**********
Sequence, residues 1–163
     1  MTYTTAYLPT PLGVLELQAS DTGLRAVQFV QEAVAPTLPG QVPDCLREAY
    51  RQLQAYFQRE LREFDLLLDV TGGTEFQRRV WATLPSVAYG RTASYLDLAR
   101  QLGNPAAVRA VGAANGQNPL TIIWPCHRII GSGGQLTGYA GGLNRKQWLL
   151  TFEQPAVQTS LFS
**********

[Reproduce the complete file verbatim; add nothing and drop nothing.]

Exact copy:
Sequence, residues 1–163
     1  MTYTTAYLPT PLGVLELQAS DTGLRAVQFV QEAVAPTLPG QVPDCLREAY
    51  RQLQAYFQRE LREFDLLLDV TGGTEFQRRV WATLPSVAYG RTASYLDLAR
   101  QLGNPAAVRA VGAANGQNPL TIIWPCHRII GSGGQLTGYA GGLNRKQWLL
   151  TFEQPAVQTS LFS